Previously, growth trajectories of single cells have been considered to follow either an exponential or linear relationship (e.g., refs. 7–9). The model described in Eq. **8** indicates additional forms for growth where an exponential is a special case of Eq. **4** with α = 1. For α > 1 the growth rate of an individual, and the fraction of metabolism devoted to biosynthesis, continues to increase with mass until division. For α < 1 an organism will grow toward an asymptotic mass (Fig. 2*A*), with growth rate initially increasing for young cells but decreasing as they approach division, and with the biosynthesis fraction decreasing over the entire life cycle.

### Growth of Populations.

A common measure of fitness in an ecosystem is the population growth rate, μ, of a species. The single-cell (or single-individual) model of Eq. **8** can be evaluated to provide the generation time *G* (28), the time for one organism to reach reproductive mass, *M _{d}* ≡

*εm*

_{0},

where for simple fission ε ∼ 2. Following ref. 32, the population growth rate, μ, is given by this generation time along with the average fecundity, *f*, and percentage of the population to reach the age of reproduction, *L*:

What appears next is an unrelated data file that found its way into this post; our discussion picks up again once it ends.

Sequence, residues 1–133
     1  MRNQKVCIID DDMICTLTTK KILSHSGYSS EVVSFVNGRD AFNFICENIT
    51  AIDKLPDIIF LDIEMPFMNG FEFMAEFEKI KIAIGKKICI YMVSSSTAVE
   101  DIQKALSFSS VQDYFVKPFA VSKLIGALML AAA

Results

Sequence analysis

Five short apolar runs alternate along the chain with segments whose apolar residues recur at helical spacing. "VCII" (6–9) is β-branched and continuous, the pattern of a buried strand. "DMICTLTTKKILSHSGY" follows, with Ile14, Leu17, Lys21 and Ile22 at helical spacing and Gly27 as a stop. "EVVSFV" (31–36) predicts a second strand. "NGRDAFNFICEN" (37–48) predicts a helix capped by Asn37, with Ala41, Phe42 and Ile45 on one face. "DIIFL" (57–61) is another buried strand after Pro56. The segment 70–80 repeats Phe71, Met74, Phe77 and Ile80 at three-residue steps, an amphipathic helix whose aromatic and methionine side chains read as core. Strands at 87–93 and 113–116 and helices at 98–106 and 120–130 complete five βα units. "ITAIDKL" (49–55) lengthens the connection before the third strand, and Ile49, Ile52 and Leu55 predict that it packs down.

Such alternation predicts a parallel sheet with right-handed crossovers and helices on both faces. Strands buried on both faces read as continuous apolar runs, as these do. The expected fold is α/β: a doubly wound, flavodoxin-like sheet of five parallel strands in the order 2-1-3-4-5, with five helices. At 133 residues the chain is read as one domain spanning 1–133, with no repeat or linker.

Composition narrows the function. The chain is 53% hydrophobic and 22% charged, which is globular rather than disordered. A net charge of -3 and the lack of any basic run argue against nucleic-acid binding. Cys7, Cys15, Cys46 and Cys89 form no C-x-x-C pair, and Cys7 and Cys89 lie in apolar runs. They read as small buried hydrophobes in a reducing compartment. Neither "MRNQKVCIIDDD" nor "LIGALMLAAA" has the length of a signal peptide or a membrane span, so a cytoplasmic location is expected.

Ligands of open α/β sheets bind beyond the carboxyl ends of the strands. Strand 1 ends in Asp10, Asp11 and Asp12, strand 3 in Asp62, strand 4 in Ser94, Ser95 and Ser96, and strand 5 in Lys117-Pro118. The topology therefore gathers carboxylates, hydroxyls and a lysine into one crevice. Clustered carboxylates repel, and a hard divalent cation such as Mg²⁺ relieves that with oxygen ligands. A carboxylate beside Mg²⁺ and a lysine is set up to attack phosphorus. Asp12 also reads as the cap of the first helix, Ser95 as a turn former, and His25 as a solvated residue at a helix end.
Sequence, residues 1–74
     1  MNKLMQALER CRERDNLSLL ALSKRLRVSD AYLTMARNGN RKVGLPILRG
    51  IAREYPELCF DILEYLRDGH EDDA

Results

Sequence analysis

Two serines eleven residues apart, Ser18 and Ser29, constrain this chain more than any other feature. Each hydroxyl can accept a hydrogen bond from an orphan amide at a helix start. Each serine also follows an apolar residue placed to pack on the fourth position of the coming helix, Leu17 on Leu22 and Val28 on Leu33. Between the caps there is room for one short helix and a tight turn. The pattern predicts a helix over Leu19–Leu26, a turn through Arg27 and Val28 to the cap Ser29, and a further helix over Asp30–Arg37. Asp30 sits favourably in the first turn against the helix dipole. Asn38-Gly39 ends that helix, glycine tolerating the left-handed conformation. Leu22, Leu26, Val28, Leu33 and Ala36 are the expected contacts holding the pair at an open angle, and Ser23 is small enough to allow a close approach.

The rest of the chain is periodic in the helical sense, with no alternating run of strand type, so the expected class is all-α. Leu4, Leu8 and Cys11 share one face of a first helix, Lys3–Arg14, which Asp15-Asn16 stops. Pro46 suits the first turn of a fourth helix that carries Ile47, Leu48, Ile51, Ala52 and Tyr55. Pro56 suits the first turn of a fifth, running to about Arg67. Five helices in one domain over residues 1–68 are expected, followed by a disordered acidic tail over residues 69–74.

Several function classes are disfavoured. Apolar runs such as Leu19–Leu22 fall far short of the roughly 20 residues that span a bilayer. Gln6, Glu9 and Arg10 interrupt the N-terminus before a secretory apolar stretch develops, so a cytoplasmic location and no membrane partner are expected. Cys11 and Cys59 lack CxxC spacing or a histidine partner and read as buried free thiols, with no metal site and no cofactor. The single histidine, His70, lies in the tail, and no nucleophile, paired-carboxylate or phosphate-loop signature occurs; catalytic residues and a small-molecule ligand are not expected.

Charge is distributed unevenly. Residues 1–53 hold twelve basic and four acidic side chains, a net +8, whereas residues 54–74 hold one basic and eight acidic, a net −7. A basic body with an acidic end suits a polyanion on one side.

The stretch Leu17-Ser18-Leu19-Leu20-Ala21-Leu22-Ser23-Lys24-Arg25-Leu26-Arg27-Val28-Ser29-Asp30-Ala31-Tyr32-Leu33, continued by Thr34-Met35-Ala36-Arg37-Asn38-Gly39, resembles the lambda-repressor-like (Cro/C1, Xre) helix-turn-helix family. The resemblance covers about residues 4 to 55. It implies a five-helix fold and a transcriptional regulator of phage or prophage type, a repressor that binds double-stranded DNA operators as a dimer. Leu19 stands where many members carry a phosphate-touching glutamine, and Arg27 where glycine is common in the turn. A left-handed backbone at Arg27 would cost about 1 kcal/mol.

Considering simple fission one could assume that *μ _{max}* ∼ ln(2)/G.

## Bioenergetics of Species and Taxa

Here we fit the framework outlined above to observed growth trajectories of single cells (or single individuals) and to data relating population growth rate to body size. We compare the underlying bioenergetics of different species, as represented by the parameters of our framework, using these fits along with separate estimates obtained from growth-resource consumption data for populations of cells.

We compiled published measurements of the size of single cells as they grow through a division cycle for five species, including the heterotrophic bacteria *Escherichia coli* (8, 9) and *Bacillus subtilis* (7), two photo-autotrophic marine diatoms (*Thalassiosira weissflogii* and *Lauderia borealis)* (10), as well as budding yeast *Candida albicans* (11). In addition, we used growth data for individuals from two small (submillimeter), multicellular marine copepods (*Calanus pacificus* and *Pseudocalanus sp.*) (12). Fitting model Eq. **8** to the time-changing size of each individual, we infer the values for *b*, γ_{0}, and α (*SI Appendix*, Table S4).